For one, there’s the risk of delivering a baby early. Babies born prematurely are more likely to have breathing problems early on, be readmitted to the hospital post delivery, and die than those who are born after 39 weeks. They’re also more likely to have long-term health problems.
A 2010 study looking at about 60,000 births in California in the spring and summer months between 1996 and 2006 found “high ambient temperature was significantly associated with preterm birth for all mothers,” with Black mothers facing the highest risks. The researchers, relying on birth certificates and temperature data, found that with every 10-degree increase in the average weekly outdoor temperature, there was an 8.6% increase in deliveries before 37 weeks. A follow-up study in 2018 came to similar conclusions.
In a 2019 study, researchers used data on 56 million births across the US between 1969 and 1988 to see whether they were higher on hot days compared to the same dates during a different, cooler year.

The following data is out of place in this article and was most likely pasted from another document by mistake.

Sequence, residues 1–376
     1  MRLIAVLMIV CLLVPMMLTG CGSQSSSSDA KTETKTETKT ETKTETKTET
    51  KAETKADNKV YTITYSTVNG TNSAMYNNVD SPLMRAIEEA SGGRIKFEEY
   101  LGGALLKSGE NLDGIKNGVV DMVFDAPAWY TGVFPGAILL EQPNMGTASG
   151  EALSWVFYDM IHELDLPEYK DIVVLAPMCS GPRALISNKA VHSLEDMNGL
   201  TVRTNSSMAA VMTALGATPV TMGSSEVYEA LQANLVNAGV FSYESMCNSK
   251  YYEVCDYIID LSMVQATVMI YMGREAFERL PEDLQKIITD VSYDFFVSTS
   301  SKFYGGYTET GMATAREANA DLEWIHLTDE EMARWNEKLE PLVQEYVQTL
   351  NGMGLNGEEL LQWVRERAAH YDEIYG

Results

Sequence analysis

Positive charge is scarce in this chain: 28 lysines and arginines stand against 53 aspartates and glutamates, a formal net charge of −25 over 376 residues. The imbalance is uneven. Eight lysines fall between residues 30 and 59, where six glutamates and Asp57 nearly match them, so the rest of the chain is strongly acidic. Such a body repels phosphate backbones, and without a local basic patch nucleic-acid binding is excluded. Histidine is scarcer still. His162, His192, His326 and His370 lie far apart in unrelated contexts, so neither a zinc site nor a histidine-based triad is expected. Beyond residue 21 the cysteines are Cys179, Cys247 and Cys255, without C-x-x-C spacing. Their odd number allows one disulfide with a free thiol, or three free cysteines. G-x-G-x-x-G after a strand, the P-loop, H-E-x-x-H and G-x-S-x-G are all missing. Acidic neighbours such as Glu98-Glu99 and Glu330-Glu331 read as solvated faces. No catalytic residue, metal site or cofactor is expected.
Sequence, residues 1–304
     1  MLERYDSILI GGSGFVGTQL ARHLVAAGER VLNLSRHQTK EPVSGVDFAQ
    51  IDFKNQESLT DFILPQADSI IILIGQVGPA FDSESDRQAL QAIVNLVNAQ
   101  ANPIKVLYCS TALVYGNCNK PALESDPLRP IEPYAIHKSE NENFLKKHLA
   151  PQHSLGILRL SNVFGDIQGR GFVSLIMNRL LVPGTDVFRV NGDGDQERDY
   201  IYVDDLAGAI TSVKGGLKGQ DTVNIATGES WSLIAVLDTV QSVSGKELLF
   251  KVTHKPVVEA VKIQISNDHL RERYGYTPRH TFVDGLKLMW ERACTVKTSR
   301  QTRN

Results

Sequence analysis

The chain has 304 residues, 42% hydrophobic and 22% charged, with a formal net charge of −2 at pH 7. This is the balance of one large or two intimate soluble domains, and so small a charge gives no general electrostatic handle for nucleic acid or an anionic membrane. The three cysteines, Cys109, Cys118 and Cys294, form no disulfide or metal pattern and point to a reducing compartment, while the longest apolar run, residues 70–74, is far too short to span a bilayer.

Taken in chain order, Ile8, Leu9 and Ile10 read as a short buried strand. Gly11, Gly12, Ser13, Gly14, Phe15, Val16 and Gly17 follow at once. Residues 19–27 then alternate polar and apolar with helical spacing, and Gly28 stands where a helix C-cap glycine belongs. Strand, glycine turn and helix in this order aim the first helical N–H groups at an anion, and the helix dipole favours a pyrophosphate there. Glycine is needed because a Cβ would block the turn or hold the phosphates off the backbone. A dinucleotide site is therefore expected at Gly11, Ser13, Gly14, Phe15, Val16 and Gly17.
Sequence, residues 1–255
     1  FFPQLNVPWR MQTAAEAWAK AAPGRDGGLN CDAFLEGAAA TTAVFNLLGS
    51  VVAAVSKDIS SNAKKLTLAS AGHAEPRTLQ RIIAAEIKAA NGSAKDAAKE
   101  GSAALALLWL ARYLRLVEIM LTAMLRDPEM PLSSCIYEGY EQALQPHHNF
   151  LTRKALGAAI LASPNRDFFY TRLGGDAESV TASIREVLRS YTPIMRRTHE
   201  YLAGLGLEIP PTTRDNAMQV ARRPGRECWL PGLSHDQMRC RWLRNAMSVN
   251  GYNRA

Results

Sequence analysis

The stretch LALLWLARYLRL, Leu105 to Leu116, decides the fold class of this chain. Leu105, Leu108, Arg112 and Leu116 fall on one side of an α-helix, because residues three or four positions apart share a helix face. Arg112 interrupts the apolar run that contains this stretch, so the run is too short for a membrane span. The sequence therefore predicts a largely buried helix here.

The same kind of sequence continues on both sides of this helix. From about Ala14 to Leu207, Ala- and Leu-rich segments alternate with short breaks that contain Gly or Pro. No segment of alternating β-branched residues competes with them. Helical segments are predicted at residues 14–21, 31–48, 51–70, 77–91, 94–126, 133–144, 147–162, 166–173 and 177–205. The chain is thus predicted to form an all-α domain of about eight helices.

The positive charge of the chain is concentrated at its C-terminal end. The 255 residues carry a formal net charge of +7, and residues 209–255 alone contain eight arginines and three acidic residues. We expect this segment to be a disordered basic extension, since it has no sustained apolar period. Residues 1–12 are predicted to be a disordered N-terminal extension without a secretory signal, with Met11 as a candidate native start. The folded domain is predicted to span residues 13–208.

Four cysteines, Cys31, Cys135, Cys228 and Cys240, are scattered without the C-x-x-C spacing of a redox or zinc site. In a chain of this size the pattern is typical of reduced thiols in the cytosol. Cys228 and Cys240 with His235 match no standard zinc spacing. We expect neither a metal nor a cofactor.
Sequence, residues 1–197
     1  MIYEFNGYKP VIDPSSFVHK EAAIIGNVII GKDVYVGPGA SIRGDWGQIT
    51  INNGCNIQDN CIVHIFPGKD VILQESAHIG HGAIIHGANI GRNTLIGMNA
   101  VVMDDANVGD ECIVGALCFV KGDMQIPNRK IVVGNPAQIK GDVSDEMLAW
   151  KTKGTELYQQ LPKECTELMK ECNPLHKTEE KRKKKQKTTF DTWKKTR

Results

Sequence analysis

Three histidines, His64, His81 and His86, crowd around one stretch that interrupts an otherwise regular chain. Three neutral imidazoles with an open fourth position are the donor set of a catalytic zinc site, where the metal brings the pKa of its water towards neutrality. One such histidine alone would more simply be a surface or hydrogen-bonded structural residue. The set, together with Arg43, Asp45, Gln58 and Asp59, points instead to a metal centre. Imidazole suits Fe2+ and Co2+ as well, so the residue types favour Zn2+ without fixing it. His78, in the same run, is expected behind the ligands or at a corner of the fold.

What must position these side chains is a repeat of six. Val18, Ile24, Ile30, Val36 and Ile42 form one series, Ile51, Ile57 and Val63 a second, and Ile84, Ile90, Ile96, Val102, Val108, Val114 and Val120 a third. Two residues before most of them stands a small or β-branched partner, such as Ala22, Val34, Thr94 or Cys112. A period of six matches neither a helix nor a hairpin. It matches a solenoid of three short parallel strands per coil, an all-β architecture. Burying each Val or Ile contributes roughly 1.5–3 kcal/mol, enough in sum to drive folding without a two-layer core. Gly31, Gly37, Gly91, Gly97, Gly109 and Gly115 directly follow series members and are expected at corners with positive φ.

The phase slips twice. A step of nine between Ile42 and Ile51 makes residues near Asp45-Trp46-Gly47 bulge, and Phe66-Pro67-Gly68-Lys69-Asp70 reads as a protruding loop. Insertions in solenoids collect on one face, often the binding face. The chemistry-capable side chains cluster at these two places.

“What we ultimately find is on a hot day — above 90 degrees — births were about 5% higher,” said study author Jessamyn Schaller from the National Bureau of Economic Research. “That’s a really large effect.”
They also found that on the day following extreme heat exposure, some births were accelerated by up to two weeks. “We estimate that an average of 25,000 infants per year were born earlier as a result of heat exposure,” the study authors wrote. The authors projected that as climate change continues to drive up temperatures, early births will continue to rise.
Some of the studies found a woman’s access to air conditioning dampened these health risks. Moreover, they repeatedly found women of color, especially Black women, were more at risk of negative health outcomes — from being hospitalized during pregnancy to preterm delivery to stillbirths.
“Extreme temperature is one of the drivers, certainly not the only one, in the disparity of maternal health by race that we’ve seen,” said Maya Rossin-Slater, an assistant professor at Stanford who has studied the impacts of heat on pregnant women.
The pandemic summer is making it even harder to protect pregnant women from heat.
The coronavirus pandemic, which has already claimed roughly 150,000 lives in the US, adds yet another health risk to pregnant women already facing this summer’s extreme heat.
If you’re able to work from home, or don’t need to work, and you have access to air conditioning, these dual health risks may not be a major concern. But if not, the health crises may be compounding.